EU says school children lack e-learning facilities

Sep 25, 2013
Pupils use tablets during courses in a classroom at the Leonard de Vinci 'connected' middle school in Saint-Brieuc, western France on September 12, 2013.

With 63 percent of Europe's nine-year-olds in schools missing vital digital equipment, the European Commission launched a vast plan Wednesday to promote e-learning from primary school to universities.

The EU executive said that only half of Europe's 16-year-olds are in digitally well-equipped schools—offering recent equipment, fast broadband and high connectivity—while 20 percent of secondary students have never or almost never used a computer in class.

And while more than 90 percent of Latvian, Lithuanian and Czech shools have Internet access, only 45 percent of schools can offer online access to children in Croatia and Greece.

Universities meanwhile need to increase online learning through MOOCs (Massive Open Online Courses), that allow people to access education anywhere, anytime, and through any device.

To help students develop digital skills required for jobs, the Commission said it will provide backing to projects that improve open learning and digital resources under the "Opening up Education" action plan.

Explore further: Technology and data analytics should transform municipal government, professors say

add to favorites email to friend print save as pdf

Related Stories

Panel backs introduction of digital learning in US

Jun 13, 2013

An independent panel that studied the lack of technology in America's schools says most students can have access to high-speed Internet even sooner than President Barack Obama is calling for.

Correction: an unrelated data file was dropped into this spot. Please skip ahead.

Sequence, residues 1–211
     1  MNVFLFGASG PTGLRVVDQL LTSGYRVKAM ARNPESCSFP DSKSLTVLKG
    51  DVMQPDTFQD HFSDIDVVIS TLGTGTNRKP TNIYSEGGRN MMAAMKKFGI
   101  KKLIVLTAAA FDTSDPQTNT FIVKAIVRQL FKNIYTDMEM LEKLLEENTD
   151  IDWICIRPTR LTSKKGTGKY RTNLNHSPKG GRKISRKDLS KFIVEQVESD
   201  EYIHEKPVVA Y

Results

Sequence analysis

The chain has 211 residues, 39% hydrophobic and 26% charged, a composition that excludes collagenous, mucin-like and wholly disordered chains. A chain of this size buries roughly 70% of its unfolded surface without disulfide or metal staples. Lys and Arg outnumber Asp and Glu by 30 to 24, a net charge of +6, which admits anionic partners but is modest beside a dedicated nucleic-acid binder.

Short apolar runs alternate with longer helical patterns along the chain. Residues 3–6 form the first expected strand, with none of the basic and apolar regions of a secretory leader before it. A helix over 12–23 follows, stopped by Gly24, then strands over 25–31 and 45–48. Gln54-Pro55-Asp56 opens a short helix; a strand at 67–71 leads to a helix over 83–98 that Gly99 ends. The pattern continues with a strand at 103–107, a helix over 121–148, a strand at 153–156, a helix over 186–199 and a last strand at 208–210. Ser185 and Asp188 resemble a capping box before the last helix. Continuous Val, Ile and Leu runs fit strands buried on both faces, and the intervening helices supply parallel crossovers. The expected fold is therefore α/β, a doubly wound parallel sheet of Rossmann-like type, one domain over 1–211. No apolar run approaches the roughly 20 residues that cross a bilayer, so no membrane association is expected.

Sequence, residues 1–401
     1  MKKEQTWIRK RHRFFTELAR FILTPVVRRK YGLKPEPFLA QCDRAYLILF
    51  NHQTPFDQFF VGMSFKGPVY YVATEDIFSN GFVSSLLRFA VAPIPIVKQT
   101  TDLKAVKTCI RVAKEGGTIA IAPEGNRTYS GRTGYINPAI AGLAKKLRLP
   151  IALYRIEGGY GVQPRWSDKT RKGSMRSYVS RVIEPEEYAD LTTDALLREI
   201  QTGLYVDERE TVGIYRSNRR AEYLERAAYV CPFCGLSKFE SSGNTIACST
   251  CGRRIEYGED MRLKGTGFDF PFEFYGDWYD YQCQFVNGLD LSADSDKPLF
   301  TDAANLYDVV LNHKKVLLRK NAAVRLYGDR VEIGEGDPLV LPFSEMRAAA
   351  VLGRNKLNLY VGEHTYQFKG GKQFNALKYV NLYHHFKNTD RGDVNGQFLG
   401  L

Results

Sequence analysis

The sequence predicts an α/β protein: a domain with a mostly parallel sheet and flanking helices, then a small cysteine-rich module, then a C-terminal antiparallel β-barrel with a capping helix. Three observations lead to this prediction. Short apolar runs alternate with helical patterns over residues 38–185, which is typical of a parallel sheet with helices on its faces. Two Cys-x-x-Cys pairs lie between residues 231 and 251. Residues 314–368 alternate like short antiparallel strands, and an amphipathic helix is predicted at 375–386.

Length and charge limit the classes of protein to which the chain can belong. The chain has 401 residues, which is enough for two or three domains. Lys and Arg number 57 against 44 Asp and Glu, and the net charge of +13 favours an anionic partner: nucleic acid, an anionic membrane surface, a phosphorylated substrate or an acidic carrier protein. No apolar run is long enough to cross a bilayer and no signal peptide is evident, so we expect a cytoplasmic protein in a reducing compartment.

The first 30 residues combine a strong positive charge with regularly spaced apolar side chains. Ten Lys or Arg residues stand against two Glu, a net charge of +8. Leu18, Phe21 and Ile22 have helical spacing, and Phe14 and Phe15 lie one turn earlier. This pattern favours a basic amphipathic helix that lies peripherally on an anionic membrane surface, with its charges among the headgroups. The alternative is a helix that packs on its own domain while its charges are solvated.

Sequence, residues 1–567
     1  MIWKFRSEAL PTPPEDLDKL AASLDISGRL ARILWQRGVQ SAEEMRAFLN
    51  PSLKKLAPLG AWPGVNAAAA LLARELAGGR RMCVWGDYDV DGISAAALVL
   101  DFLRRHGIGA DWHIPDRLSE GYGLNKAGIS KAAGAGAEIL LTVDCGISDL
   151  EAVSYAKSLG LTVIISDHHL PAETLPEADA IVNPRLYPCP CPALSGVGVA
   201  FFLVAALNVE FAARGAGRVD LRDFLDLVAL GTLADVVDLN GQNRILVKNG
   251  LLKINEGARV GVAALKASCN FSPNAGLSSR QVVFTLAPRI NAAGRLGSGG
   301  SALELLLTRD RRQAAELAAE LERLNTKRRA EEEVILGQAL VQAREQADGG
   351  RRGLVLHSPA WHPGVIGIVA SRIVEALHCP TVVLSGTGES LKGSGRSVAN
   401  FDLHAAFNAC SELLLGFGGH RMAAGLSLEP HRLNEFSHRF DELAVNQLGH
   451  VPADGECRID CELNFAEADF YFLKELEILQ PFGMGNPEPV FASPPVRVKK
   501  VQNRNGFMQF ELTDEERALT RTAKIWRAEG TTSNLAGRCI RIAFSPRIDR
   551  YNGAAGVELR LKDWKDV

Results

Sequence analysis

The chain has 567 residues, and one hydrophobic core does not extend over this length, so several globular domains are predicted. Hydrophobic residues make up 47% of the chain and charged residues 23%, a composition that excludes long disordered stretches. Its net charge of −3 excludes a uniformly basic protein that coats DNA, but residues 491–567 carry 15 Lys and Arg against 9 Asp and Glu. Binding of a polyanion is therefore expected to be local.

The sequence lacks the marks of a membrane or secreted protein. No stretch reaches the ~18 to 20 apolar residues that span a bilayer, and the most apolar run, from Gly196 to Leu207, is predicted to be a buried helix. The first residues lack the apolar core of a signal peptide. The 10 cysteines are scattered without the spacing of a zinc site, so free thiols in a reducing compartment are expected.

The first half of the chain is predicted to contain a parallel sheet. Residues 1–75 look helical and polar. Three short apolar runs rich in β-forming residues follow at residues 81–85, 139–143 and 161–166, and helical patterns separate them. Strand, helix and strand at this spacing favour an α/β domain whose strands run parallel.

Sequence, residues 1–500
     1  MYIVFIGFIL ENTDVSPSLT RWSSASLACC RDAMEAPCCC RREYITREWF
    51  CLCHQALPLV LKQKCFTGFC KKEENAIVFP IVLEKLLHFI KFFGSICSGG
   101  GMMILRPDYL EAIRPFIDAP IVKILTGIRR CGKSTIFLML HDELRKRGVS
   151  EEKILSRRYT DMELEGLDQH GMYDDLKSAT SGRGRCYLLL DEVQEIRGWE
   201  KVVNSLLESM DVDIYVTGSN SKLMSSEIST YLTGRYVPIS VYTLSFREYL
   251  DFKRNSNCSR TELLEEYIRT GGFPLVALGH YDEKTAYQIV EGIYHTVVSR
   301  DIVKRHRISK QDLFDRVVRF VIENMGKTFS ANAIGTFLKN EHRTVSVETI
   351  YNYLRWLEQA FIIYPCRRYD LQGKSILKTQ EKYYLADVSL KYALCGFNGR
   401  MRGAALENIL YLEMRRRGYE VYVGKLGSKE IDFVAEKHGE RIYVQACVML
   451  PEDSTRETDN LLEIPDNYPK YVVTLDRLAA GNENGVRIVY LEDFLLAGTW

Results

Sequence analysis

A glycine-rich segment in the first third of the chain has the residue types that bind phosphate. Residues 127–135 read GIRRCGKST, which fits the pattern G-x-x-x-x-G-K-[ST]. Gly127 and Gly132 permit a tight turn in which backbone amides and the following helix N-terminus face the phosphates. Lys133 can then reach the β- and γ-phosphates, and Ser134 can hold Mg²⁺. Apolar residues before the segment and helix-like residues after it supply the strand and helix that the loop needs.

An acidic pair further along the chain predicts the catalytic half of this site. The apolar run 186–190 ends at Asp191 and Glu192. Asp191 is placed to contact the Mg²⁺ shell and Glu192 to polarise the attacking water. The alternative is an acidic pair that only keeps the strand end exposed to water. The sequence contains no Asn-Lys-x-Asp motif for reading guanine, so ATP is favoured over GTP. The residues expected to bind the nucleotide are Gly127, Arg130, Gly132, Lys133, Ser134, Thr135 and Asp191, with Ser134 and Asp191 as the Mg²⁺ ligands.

Obama pushes plan for fast Internet in US schools

Jun 06, 2013

President Barack Obama says he wants 99 percent of American students connected to super-fast Internet within five years. He's directing federal regulators to use an existing program to equip schools with ...

British universities join online education revolution

Sep 18, 2013

Dozens of British universities began offering free online courses on Wednesday through a collective portal, joining a global trend started in the United States that opens higher education to the masses.

Recommended for you

Apple sees iCloud attacks; China hack reported

5 hours ago

Apple said Tuesday its iCloud server has been the target of "intermittent" attacks, hours after a security blog said Chinese authorities had been trying to hack into the system.

HP supercomputer at NREL garners top honor

7 hours ago

A supercomputer created by Hewlett-Packard (HP) and the Energy Department's National Renewable Energy Laboratory (NREL) that uses warm water to cool its servers, and then re-uses that water to heat its building, has been ...

User comments : 1

Adjust slider to filter visible comments by rank

Display comments: newest first

Eikka
not rated yet Sep 25, 2013
What exactly is "e-learning"?

Just tossing computers into classrooms doesn't really solve any problem.